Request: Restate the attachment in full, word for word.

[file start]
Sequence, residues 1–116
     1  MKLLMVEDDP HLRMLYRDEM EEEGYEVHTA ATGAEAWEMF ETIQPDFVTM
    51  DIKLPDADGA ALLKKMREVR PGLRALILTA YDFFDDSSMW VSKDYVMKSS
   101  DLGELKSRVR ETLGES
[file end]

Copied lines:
Sequence, residues 1–116
     1  MKLLMVEDDP HLRMLYRDEM EEEGYEVHTA ATGAEAWEMF ETIQPDFVTM
    51  DIKLPDADGA ALLKKMREVR PGLRALILTA YDFFDDSSMW VSKDYVMKSS
   101  DLGELKSRVR ETLGES